Wednesday, April 10, 2013

Backtime's Bird Episode

This beautiful creature is a Cedar Waxwing. Note the red fringes on the wings and the yellow tail. That's how the bodies were identified when I found three of them dead in my yard, seemingly fallen out of the sky. One was mildly gutted like a squirrel had gotten to it, but the other two were perfectly intact.

Like many people who don't know anything about birds, a couple of thoughts got into my head. First, is there some kind of avian flu going around? And second, is this just some sort of Ornithological Darwinism taking place in the tree beside my house?

I know my neighbors have a bird feeder right on the other side of the fence, so I went to ask them if they had any insight, but they weren't home. The mystery deepened and I didn't want to move the bodies until I had some answers.

So I called Savannah Critter Control, who had been helpful when a couple of birds got into my daughter's room through the chimney a few years back. They said if they're babies they might have just lost their mama and given up. They looked very much like the fully-developed bird in the picture above so I surmised they weren't babies. I was told that no warnings had been issued about birds, but I was referred to the Health Department.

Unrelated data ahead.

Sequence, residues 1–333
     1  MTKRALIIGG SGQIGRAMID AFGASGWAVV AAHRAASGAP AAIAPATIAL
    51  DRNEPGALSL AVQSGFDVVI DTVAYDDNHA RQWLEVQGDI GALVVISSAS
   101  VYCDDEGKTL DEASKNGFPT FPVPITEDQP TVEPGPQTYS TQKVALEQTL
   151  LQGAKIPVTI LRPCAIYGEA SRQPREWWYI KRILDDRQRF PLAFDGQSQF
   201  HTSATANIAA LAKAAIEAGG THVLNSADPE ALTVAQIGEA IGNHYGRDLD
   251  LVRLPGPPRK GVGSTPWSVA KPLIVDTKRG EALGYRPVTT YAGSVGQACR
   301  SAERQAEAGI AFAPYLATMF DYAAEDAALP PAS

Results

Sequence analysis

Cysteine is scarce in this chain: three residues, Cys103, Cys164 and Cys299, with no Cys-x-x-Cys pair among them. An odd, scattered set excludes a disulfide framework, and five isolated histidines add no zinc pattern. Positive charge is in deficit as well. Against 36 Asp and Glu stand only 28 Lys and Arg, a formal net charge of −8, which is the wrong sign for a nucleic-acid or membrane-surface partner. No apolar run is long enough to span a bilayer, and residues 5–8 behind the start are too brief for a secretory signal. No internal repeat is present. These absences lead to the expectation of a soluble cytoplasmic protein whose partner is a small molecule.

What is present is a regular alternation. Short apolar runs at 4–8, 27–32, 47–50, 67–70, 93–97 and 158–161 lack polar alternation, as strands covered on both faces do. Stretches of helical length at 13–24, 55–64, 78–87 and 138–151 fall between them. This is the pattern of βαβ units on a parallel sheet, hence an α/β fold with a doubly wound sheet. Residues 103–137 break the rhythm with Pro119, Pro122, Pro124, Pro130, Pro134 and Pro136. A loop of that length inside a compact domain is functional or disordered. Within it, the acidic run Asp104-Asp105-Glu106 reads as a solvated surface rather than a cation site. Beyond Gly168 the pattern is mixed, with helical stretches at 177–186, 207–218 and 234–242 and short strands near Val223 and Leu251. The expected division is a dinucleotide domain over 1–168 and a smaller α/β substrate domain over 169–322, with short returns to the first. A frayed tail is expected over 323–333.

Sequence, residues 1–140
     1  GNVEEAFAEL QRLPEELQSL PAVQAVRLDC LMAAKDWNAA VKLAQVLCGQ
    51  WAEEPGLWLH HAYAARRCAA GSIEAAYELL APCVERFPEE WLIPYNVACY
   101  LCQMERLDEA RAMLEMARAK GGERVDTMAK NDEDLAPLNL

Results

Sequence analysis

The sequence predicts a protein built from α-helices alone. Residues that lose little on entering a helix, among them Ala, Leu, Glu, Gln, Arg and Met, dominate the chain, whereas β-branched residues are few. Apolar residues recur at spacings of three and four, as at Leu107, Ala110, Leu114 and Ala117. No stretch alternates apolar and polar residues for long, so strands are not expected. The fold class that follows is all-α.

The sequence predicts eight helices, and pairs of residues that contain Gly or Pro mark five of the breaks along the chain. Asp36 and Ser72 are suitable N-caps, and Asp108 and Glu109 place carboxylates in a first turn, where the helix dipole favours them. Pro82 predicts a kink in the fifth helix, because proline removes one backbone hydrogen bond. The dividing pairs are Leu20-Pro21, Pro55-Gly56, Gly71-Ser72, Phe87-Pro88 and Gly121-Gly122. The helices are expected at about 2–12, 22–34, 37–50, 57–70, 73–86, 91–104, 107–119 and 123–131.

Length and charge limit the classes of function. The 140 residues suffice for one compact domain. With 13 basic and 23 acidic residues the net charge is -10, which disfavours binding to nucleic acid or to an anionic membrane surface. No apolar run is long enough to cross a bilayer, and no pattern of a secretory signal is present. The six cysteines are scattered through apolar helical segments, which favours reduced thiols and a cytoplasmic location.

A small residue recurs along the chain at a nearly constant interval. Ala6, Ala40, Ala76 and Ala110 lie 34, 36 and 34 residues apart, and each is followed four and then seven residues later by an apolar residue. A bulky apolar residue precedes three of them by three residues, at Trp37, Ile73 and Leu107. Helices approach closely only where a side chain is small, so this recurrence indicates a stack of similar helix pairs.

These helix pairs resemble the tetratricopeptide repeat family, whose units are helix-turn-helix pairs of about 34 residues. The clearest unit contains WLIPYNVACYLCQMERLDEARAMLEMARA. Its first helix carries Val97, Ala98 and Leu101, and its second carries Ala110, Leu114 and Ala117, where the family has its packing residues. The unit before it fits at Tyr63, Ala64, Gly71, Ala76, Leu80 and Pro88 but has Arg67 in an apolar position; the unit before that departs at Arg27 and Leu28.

I called the Health Department and reported the dead birds, and they immediately referred me to mosquito control. Mosquito control told me it was far too early in the season for that type of transmitted virus, and they would have no need to remove and study the birds. But they also said that I should use gloves and a sealable bag when I disposed of the birds, just to be safe. Which I did, and kept them in a clear, sealed bag for my neighbor's return.

It turns out she is in a bird-studying program, and was able to call up the Cedar Waxwing through some app in her phone. She had heard some commotion in my tree (which extends into their yard) the night before, which supported the Ornithological Darwinism theory presented earlier. I had heard the birds too that evening as uncommonly loud, but my daughter was playing Angry Birds on her IPad at the same time, so I wasn't sure what was which.

The neighbor said she would call her mentor, and ask what may have happened. A few minutes later she relayed another theory.

The Cedar Waxwings love berries, so much so that they get drunk from them - which is probably why they were so loud - damn drunk birds! Then when they were drunk, they either flew into the side of my house and died, or simply lost the ability to fly and then died when they hit the ground after a significant fall. Don't drink and fly!

So now I know something (or at least next to nothing) about birds, in my quest to know a little bit about everything. When Jeopardy! comes to Savannah I want to be ready.

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